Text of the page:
This Boxing Day sees the release of two films that have stirred up issues to do with race. The first is Ridley Scott’s Exodus: Gods and Kings, and the second is a remake of the 1982 musical Annie. Both of these films have been getting a lot of attention for their casting choices, and I’m not entirely sure why.
I’ll start with the one that’s been getting by far the most press (and criticism), which is Exodus. The reason Ridley Scott and co. have been getting so much attention is that this is a film set in biblical Egypt, but the cast is made up almost entirely of white actors. Christian Bale, Joel Edgerton, Aaron Paul, Sigourney Weaver, Ben Kingsley and John Turturro all have major roles, are all American or English, and are all playing North African / Arabic characters. Well, Ben Kingsley is half Indian, but half out of six isn’t a great hit rate.
It’s historically inaccurate, it’s denying less well known actors who are Arabic a chance at exposure. In the trailer alone there are a number of shots where it’s a distraction, and, above all, it’s a simple problem with an easy fix. So, why are people making such a big deal out of it? Let me clarify, the ‘it’ I’m referring to is this particular film. Exodus: Gods and Kings is a film based on a story from the bible, a text which many people believe is a work of fiction, and yet there have been many films in recent years based on real historical events, with casting choices just as inaccurate as the ones made for Exodus, and nobody seemed to care.
Earlier this year, the film Pompeii was released. A film, unsurprisingly set in Pompeii in 79 AD. I was lucky enough to see this film with somebody who has an MA in ancient history, and much to her amazement, and mine, Pompeii got almost everything right. Obviously a few things were changed to make it more ‘Hollywood’, but in general, almost every detail was historically accurate. What wasn’t accurate? A group of Romans with a mixture of American and English accents. Don’t get me wrong, I love Jared Harris, Kiefer Sutherland and Carrie-Anne Moss, but none of them looked Roman. Some people would argue that Mediterranean people are in fact ‘white’, and I’m no expert, but I will say there is a clear difference in how typical Mediterranean people look, to the way the average Scandinavian person looks, for example. Even if you do class both of those as being ‘white’ there is clearly a physical difference.
In fact, lots of films suffer from the exact same problem. 2000’s Gladiator (another Ridley Scott film), as much as it’s considered brilliant has ethnically incorrect casting. 2004’s Alexander went to the effort of having every Greek character speak with an Irish accent, to make sure they lined up with Colin Farrell. Clever, but it’s still a bunch of white people playing Mediterraneans. Did anybody think that Jake Gyllenhaal was a good choice to play the title character in 2010’s Prince of Persia: The Sand of Time? Surely the clue is really in the title for that one… And how about Justin Chatwin playing Goku in 2009’s Dragonball: Evolution? Alright, I haven’t seen the Dragonball film or series, but I know he wasn’t the right choice. Yes, some of those are fictional, or set a long time ago. Surely 2012’s best picture winner at the Oscars, Argo, which is set in 1980 is above that? Thinking about it, did anybody else feel awkward during the end credits when they showed a picture of Ben Affleck next to the real life version of his character, Tony Mendez? I did.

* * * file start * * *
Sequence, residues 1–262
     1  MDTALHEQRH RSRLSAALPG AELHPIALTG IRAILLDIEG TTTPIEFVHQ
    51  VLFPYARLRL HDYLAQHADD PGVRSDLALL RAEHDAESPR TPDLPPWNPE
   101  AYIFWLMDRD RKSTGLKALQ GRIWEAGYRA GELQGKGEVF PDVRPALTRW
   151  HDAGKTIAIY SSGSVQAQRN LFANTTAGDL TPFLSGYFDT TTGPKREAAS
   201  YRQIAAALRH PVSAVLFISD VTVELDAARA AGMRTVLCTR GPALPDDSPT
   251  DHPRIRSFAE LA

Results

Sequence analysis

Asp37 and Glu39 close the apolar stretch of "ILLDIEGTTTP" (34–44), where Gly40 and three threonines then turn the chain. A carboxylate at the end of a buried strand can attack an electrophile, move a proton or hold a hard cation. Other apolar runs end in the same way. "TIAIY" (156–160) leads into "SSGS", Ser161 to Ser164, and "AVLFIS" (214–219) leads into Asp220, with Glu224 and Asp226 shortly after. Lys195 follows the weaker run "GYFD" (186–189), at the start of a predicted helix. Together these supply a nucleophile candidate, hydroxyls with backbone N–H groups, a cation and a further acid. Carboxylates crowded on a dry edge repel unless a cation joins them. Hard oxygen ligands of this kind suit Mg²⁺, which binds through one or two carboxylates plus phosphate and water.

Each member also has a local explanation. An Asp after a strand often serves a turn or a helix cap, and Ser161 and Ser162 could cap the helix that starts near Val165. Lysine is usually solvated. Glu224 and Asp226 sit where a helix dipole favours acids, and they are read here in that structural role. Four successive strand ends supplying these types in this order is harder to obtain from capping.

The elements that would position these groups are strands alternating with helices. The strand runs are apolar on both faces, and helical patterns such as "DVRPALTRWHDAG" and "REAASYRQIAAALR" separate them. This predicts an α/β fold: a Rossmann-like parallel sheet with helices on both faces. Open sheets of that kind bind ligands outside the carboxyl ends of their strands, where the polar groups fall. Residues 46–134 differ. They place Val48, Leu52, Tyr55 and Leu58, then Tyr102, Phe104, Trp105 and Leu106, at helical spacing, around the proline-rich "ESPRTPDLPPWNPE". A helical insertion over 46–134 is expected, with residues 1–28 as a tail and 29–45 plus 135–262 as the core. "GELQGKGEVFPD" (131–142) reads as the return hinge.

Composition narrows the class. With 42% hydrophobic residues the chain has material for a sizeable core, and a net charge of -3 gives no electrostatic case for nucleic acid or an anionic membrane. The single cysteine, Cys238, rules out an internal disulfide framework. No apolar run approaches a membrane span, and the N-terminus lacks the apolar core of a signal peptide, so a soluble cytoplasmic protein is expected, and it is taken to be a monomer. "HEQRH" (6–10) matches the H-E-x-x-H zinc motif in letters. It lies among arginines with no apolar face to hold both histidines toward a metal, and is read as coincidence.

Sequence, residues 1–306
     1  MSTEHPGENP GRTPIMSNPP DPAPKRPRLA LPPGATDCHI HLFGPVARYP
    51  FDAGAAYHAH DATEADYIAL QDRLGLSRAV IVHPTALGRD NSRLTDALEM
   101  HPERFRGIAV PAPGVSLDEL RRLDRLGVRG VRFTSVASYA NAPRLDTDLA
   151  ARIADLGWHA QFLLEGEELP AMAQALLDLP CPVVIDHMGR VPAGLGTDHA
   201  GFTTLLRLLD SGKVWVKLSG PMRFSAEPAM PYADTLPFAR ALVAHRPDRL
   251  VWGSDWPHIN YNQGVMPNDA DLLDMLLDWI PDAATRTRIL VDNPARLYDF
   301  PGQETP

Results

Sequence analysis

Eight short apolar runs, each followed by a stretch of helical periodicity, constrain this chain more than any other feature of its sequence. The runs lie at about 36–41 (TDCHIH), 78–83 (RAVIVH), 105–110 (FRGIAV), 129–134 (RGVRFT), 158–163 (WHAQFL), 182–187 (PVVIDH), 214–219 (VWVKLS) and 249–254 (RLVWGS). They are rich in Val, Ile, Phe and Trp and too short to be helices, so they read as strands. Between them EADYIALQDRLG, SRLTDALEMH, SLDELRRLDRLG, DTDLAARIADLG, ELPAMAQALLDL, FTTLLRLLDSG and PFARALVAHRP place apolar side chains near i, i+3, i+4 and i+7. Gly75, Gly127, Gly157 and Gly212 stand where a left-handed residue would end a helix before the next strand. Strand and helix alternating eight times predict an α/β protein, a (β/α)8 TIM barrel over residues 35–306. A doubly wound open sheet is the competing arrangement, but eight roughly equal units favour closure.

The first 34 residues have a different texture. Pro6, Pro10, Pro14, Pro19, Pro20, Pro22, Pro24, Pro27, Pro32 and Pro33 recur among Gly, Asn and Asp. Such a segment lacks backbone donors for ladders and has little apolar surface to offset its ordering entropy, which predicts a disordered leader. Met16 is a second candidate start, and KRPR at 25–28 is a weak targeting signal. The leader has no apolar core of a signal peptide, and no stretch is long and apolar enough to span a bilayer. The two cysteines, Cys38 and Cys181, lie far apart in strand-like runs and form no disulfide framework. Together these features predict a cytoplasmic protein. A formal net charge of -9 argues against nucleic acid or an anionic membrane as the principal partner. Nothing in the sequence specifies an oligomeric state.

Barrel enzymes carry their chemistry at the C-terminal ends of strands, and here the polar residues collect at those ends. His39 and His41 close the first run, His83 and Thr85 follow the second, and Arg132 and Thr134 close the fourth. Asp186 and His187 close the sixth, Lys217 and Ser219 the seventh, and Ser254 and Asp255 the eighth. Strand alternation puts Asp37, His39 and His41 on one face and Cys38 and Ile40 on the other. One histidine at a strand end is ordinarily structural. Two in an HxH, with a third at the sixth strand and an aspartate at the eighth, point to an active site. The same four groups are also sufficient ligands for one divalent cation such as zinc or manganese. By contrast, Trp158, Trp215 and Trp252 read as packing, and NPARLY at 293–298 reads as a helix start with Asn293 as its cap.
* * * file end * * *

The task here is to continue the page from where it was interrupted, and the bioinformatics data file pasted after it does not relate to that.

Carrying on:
So I again come back to the same question. Why are people making such a big fuss over Exodus: Gods and Kings, when they’ve let the same thing slide so many times before? Well, it could have something to do with some… ill advised comments made by Rupert Murdoch, the CEO of 21st Century Fox (the sister company of the film’s distributor, 20th Century Fox). But what about Annie? Surely people can’t have any issues with a work of fiction being updated for modern times, with no worry about historical accuracy?
Wrong! It may not be getting as much attention, but there has definitely been a backlash against recasting Annie, one of the most iconic ginger characters in film history, with a black actress. It doesn’t matter that Quvenzhané Wallis (that awesome name alone should give her a pass) is one of the youngest Oscar nominees ever, not even being ten years old at the time of her nomination. It doesn’t matter that in the setting of present day New York, a healthy mix of black and white actors would be an accurate representation of the city’s ethnic makeup. So basically what people are saying is, a black president is fine, but a black Annie? HOW DARE YOU!
There are, believe it or not, two sides to this argument. On the one hand, I know I would always rather see the best performance possible. ‘Colour blind’ casting goes both ways, and if that means casting Meryl Streep as Private Detective John Shaft, so be it (alright, there are some exceptions, but the point stands). On the other hand, should this rule not apply to films based on, or even inspired by true events? Christian Bale is a great actor, and I have no doubt that he’s going to do a great job playing Moses, but finding the line between an actor doing a role great service, and ethnically incorrect casting doing a role great disservice is almost impossible. The job of film makers is to make the best film possible, and nothing more. If a film has strange casting choices, or lapses in historical accuracy, in a way, it’s ok if it means the film is better for it. The problem is, in this day and age, and with the money and resources available to them, I’m not sure there’s really any excuse.
What do you think about the casting in Exodus: Gods and Kings, and Annie? Which is worse? Do either of them really matter if the films are good? Let me know your thoughts in the comments below.
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